“Happy Labor Day, everyone. Good to see some of you are wearing white. It’s the last chance of the summer season.”
So Alex Burnet of Laundry Day amiably kicked off a night of music to a full house at Lyric Hall, on, of all things, the Monday of Labor Day weekend. The show, put together by musician and record-label head Ceschi, brought out Burnet and Anonymous, Inc. to support touring acts Little Wings and Weyes Blood en route to Providence.
Burnet, who has been on the New Haven scene for a few years now as a solo act and as the leader of Proud Flesh and Laundry Day, is one of those musicians who gets better every time you see him. On Monday he played and sang with the ease and skill of a veteran, and the context of a solo set let the audience appreciate what a fine songwriter he and his bandmates are, too — New Haven’s answer to The Low Anthem.
Anonymous, Inc. — composed of Ceschi, his brother David Ramos on drums, and Max Heath of Child Actor on keyboards—delivered a rousing set that drew from the artists’ solo projects and their collaborative works. The band made a couple mentions of not playing together often recently, but the trio’s long history of playing together more than made up for it. Ceschi and David played rhythm together as only brothers can, so tight that it occasionally seemed telepathic.
With the crowd officially hooked, the Brooklyn-based Weyes Blood — a.k.a. Natalie Mering — dropped a drop-dead gorgeous solo set particularly suited to Lyric Hall.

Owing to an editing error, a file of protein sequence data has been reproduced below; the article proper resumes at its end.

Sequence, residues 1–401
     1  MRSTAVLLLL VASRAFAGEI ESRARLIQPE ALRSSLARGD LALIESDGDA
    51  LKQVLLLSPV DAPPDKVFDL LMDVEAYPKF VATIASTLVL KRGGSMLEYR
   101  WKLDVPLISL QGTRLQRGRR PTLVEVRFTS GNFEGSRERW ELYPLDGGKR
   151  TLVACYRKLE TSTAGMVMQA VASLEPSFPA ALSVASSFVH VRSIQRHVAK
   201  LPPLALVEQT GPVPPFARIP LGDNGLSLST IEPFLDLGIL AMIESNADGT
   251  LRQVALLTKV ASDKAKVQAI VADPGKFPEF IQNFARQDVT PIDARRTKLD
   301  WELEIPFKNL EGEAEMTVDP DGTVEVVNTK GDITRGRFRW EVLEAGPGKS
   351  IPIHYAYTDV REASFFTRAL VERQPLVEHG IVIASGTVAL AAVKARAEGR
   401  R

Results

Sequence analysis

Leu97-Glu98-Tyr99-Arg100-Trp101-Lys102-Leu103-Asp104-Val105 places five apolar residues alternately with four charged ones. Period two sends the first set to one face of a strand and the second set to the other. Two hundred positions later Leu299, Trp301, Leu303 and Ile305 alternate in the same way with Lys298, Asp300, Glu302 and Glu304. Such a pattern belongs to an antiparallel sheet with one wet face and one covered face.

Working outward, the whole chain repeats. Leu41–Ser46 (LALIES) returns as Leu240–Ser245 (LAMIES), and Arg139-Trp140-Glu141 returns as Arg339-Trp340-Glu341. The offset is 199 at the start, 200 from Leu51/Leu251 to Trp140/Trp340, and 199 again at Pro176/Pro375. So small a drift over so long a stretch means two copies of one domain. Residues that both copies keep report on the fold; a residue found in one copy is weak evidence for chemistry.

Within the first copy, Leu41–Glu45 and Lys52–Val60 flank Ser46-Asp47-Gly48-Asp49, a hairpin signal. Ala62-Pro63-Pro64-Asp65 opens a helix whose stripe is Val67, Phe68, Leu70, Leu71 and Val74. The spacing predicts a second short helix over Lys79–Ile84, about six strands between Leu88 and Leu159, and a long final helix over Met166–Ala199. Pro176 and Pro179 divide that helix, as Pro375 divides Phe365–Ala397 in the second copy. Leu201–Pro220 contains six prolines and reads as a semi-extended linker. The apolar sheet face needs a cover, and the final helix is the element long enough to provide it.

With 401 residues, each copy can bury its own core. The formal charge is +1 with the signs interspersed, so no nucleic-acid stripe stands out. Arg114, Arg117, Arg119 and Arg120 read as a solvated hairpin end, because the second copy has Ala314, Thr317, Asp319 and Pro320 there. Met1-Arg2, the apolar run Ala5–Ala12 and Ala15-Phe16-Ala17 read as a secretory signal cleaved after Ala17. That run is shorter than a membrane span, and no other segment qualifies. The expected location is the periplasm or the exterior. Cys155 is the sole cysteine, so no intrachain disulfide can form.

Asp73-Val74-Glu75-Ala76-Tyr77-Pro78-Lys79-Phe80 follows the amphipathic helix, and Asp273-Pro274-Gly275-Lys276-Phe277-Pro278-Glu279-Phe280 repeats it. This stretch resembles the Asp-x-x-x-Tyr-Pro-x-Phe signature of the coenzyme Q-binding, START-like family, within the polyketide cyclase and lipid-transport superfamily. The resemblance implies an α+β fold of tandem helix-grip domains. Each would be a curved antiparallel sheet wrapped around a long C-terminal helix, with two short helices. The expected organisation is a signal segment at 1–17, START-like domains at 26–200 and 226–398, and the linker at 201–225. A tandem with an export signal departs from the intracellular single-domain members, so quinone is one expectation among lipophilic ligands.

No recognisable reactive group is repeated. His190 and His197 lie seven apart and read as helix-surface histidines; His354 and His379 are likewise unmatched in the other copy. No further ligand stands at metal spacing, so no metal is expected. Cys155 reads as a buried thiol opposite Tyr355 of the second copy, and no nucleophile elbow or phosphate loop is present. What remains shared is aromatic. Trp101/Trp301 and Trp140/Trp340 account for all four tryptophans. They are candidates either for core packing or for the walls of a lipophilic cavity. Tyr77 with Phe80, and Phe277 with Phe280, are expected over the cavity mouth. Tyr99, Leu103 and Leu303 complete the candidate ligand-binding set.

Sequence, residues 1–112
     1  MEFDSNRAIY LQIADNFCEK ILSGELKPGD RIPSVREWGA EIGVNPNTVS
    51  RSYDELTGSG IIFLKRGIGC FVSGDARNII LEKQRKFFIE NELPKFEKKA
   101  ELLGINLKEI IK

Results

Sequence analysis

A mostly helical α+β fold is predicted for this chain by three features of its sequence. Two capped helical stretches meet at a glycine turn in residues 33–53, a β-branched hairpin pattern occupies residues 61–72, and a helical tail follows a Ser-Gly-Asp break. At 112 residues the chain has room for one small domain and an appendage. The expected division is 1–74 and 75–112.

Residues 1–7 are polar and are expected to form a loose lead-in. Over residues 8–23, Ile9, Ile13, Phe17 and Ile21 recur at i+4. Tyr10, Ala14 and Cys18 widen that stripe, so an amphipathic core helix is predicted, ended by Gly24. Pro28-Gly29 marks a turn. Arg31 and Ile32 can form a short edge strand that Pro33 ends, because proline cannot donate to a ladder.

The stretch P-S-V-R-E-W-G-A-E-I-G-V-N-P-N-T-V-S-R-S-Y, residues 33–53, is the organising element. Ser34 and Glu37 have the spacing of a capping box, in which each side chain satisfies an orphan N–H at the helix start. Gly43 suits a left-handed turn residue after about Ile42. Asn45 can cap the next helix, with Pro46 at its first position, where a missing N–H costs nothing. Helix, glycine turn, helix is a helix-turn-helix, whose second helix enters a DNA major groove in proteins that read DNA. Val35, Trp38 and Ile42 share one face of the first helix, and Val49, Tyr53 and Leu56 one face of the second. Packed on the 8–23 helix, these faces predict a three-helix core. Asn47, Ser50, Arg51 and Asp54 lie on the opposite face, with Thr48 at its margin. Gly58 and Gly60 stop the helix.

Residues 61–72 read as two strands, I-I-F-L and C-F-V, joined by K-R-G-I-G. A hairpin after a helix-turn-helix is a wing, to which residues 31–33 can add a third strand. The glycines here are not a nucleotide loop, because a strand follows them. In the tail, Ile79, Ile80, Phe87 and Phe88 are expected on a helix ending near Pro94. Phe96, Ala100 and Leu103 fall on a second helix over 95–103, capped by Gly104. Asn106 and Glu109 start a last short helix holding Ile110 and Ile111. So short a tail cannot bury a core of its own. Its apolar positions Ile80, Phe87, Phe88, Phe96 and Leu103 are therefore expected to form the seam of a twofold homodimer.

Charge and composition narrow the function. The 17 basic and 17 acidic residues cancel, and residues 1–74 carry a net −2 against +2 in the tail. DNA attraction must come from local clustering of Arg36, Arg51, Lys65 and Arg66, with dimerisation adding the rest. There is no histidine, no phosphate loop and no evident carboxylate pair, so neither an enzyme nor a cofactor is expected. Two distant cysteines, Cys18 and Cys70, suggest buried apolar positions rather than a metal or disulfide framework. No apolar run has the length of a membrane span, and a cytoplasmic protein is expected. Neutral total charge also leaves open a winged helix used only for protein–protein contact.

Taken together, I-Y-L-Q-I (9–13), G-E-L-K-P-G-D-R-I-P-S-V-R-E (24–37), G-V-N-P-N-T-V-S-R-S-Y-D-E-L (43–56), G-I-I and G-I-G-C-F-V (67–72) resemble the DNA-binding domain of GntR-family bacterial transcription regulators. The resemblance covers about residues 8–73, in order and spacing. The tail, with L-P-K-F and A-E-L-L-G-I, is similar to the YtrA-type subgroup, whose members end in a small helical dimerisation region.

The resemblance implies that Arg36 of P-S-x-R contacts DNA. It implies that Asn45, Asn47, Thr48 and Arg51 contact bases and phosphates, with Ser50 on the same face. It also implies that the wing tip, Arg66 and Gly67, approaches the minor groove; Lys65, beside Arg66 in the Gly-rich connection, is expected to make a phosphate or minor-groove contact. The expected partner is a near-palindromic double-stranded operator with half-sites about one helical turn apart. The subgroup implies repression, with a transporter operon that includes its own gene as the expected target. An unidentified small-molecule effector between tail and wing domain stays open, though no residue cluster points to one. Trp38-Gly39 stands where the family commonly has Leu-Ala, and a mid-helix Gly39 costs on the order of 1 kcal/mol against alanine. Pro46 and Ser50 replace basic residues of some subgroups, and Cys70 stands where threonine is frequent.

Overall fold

“This place is haunted,” she said in between songs, looking around at Lyric Hall’s restored vaudeville theater. “You can smell it.”
Mering came on a bit like a lost child of the 1970s, a connection she made pretty explicit with a atmospheric cover of Harry Nilsson’s “Everybody’s Talkin’.” Her songs partook of the same lush, harmonically knotty sound that Joni Mitchell and Judee Sill pulled from, but in Mering’s hands the sound was modernized and indie-fied, to make something that felt familiar and accessible, and at the same time, fresh.
Weyes Blood’s California feel was a perfect Segway to a long and seriously vibey set from Little Wings. Frontman Kyle Fields, joined by Lee Baggett, soaked Lyric Hall in the warm sound of their twin guitars and Fields’s raspy, inviting voice, whether it was Fields’s originals or his hilariously straight-faced hip hop covers. He ended his set with what he described as a sad song about autumn, “because autumn is when you see life die,” he deadpanned. But the song wasn’t so much sad as beautiful, a fitting end to an immensely satisfying night of music. Even if we all have to put away our whites for another few months.